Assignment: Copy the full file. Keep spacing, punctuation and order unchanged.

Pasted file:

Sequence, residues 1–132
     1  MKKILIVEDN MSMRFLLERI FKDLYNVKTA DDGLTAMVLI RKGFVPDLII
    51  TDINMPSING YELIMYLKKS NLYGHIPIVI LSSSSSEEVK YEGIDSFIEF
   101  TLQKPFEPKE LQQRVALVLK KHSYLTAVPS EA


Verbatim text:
Sequence, residues 1–132
     1  MKKILIVEDN MSMRFLLERI FKDLYNVKTA DDGLTAMVLI RKGFVPDLII
    51  TDINMPSING YELIMYLKKS NLYGHIPIVI LSSSSSEEVK YEGIDSFIEF
   101  TLQKPFEPKE LQQRVALVLK KHSYLTAVPS EA